Are vouchers too popular, or not popular enough?
For years, school choice critics have posited that vouchers and tax-credit scholarships will open the floodgates for a mass exodus from public schools. So it was a bit of a monkey shock last week to read Diane Ravitch belittling Louisiana’s new voucher program because, in her view, too few students had applied.
“Not exactly a stampede for the exits,” Ravitch wrote. “No big rush to enroll in the little church schools that are supposedly better than the public schools … ”
According to published reports, about 9,000 students applied for vouchers, not counting those already enrolled in the voucher program in New Orleans. Sounds like a lot of people to me. But if it’s obvious that only a small percentage of parents will opt for private schools (because, truth be told, most parents are satisfied with their public schools) then why are critics so upset? Doesn’t that undermine the argument that school choice is a Trojan Horse for profiteers?
Ravitch ends her piece by suggesting Louisiana officials puffed up the application numbers. “As usual,” she concluded, “they were playing the media for headlines.”
Two days later, the Washington Post’s “Answer Sheet” blog ran Ravitch’s piece in full.
A tale of two reports
Two national reports released in the last week purported to offer some gauge of academic progress in Florida’s public schools. One relied on apparently undisclosed measures to determine that Florida’s educational ranking dropped from No. 35 to No. 42 in the past year. The other tracked nearly 20 years of scores from the National Assessment of Educational Progress to conclude that Florida students have made more progress than their peers in every state but one.
Guess which report got more play?
The first one, from CNBC, looked at education and nine other factors to rank states based on how attractive they are to business. (Florida dropped from No. 18 to No. 29.) But on the education portion, it wasn’t clear to me which K-12 measures were tallied. The most I could find was a vague reference to “test scores, class size and spending.” I tried contacting CNBC to get more detail, but only got an automated response with no answers. (If I overlooked the obvious, please let me know.)
The lack of detail didn’t bother a number of news outlets, several cranky blogs or … Diane Ravitch. A Tampa Bay Times columnist described the report as “in-depth” and noted the tumbling ed ranking in the sixth paragraph. Ravitch, meanwhile, celebrated it on her blog under the headline, “Note to Jeb Bush: Florida Loses Its Bragging Rights.”
“It seems that businesses not only want to find a pool of well-educated workers, they also want to find good schools for their families,” she wrote. “Florida, the home of school choice, is not doing such a good job on that score.”
By contrast, the Education Next report, “Is the U.S. Catching Up?” was put together by a trio of highly regarded researchers. They looked at how states have stacked up against each other over time, and how academic gains in the U.S. compared to other countries. “Progress within the United States,” it concluded, “is middling, not stellar.”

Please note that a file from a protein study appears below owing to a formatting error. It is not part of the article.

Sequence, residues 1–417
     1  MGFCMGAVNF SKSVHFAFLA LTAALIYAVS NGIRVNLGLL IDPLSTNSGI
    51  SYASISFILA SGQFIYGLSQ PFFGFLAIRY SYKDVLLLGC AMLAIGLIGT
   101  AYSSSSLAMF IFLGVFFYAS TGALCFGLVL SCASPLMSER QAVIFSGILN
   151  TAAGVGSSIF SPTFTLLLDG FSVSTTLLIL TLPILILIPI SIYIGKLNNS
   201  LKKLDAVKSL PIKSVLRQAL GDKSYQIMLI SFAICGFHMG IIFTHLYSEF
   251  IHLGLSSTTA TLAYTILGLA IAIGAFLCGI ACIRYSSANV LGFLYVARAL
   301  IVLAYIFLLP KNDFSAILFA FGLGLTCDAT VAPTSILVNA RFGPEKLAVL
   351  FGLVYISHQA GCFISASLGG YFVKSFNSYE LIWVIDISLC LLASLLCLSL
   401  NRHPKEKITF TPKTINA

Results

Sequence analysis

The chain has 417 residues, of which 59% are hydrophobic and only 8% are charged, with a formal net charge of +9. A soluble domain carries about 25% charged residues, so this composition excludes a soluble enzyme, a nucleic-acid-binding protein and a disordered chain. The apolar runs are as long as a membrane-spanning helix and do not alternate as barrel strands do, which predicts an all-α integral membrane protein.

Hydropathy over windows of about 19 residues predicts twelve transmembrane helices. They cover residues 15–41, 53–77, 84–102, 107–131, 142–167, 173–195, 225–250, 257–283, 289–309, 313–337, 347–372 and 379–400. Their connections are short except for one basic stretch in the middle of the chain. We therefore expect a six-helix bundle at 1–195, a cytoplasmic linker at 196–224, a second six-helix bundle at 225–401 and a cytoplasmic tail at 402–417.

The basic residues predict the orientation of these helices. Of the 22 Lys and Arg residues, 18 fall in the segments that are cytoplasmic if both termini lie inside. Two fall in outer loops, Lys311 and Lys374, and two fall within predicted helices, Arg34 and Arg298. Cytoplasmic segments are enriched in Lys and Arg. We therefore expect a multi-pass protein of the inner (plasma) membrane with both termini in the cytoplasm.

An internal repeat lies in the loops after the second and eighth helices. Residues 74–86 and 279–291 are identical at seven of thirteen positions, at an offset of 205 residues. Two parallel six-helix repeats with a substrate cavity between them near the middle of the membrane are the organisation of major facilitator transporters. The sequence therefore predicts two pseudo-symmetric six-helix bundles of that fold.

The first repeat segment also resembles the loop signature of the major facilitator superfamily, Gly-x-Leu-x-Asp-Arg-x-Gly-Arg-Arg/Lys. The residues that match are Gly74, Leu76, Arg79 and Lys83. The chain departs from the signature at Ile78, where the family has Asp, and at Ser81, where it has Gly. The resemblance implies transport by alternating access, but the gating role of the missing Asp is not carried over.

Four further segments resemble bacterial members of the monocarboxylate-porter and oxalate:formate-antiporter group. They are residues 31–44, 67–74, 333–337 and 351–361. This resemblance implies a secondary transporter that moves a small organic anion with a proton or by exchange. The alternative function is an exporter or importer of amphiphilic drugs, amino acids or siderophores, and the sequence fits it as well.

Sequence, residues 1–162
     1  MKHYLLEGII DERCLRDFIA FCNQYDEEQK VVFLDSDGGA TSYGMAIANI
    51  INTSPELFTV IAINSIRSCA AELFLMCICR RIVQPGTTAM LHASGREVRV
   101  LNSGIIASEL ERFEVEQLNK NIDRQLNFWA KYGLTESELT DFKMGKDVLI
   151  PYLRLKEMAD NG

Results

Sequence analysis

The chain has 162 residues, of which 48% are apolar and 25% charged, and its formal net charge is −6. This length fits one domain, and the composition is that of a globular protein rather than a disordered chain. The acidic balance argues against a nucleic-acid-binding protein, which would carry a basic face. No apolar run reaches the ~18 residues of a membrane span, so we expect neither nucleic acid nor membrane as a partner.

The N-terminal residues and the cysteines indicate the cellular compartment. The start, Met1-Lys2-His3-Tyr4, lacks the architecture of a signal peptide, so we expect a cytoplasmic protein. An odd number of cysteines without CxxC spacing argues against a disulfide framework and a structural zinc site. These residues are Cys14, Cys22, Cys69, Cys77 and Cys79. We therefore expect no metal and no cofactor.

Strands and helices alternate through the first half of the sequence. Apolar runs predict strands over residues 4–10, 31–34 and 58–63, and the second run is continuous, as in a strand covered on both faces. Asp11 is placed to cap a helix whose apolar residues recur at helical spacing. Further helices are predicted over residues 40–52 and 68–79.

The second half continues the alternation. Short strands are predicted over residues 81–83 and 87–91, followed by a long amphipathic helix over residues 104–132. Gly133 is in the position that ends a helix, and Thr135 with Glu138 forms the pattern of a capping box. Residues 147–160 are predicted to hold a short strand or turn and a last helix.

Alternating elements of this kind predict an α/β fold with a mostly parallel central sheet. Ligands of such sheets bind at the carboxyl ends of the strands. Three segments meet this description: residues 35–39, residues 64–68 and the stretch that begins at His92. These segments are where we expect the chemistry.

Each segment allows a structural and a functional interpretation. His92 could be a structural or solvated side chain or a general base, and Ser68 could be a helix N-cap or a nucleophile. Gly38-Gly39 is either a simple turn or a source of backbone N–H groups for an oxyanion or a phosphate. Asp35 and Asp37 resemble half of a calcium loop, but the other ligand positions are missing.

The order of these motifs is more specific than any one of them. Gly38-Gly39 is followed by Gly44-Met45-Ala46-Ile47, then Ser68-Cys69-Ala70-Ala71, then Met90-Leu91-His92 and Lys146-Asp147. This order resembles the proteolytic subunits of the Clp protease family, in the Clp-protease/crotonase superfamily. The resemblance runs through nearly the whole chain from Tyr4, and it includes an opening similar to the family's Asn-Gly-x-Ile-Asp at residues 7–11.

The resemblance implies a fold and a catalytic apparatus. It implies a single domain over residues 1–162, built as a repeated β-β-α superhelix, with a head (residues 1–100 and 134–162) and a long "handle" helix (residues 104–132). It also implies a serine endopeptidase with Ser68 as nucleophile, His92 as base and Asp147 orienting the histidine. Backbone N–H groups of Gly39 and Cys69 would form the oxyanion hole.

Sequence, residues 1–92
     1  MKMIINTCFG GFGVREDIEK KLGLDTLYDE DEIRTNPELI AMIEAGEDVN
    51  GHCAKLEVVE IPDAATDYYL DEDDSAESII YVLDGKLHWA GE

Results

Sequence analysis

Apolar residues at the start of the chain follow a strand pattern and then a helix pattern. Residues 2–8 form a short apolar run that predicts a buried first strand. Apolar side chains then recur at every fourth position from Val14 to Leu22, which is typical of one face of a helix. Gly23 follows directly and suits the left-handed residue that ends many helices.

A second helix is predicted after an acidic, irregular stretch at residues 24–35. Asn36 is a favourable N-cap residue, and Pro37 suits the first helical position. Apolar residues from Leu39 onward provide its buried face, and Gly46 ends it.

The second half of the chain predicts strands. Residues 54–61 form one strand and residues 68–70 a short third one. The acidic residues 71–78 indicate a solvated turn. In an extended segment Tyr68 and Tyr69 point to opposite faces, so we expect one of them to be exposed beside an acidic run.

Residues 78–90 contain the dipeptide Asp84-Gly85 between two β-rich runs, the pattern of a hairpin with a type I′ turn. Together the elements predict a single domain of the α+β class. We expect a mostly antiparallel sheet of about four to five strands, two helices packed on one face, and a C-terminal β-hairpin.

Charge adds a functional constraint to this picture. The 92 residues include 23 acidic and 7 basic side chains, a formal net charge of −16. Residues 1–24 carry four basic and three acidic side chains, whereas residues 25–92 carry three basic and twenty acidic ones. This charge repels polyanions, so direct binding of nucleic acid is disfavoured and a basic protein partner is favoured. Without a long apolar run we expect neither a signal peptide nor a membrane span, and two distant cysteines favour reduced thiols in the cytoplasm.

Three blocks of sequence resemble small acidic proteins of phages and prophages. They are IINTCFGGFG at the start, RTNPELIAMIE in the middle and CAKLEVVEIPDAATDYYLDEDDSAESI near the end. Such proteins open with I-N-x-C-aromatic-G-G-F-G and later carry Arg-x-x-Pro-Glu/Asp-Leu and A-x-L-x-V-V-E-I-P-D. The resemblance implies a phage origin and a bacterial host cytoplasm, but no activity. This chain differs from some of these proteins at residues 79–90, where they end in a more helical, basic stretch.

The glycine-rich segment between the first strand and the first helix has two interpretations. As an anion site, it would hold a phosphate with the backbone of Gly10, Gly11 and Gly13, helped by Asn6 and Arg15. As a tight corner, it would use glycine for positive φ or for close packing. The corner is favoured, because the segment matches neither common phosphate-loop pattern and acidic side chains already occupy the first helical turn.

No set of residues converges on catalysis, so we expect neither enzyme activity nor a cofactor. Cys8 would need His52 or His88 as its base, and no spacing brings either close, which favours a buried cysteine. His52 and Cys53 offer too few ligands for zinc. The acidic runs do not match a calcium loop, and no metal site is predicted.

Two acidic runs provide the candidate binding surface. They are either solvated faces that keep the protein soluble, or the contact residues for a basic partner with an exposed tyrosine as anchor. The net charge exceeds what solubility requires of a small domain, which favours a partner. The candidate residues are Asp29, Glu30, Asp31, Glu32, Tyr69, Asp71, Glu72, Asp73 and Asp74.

Among states, though, Florida was singled out with Maryland, Delaware and Massachusetts for making significant progress. “Had all students throughout the United States made the same average gains as did those in the four leading states,” the report said, “the U.S. would have been making progress roughly comparable to the rate of improvement in Germany and the United Kingdom, bringing the United States reasonably close to the top-performing countries in the world.”
As far as I can tell, this catchy angle about Florida’s perpetually criticized education system didn’t make it into an actual newspaper. But it did spawn three blog posts. The Tampa Bay Times’ Gradebook blog made several good points about the study and what it did and didn’t say (for instance, that it’s not clear why some states have been more productive than others). It also mentioned the all-important context here.
In case anybody has forgotten, Florida is in the midst of the biggest backlash yet against its public school accountability system, with many critics denying that the state has made any progress. Once again, a credible report surfaces to contradict that notion, and it’s mostly overlooked.
Teachers like school choice, too
As with parents, it’s clear that more and more teachers are choosing educational settings beyond traditional public schools, be they private, charter or on-line. And based on anecdotal evidence, I’m sure a fair number are migrating from the traditional to alternative sectors.
I’m trying to gather hard numbers, but in the meantime, I thought I’d share a few stats that the folks at Florida Virtual School were kind enough to share with me.
In 1997, when FVS began, it had seven full-time teachers. A decade later, it had 424.
Last year, it had 1,175.
“Charters live and die based on performance — as opposed to bad district schools which, like Ol’ Man River, just keep rolling along.”
That’s Bill Phillips, president of the New York Charter Schools Association, in an op-ed he wrote for the New York Post this week. His column appeared after the release of this year’s test scores in New York, which showed poor kids, kids with disabilities and English language learners in charter schools were all outperforming like students in traditional public schools.
“I can tell you that assessments are here to say. Some would say we shouldn’t have them because it causes too much anxiety. So do sports. And I’m pretty sure we’re not getting rid of sports.”
That’s Florida Education Commissioner Gerard Robinson, defending the state’s testing system last night at a sparsely attended community forum in St. Petersburg.
(Image of gyoza – Japanese dumplings – from importfood.com)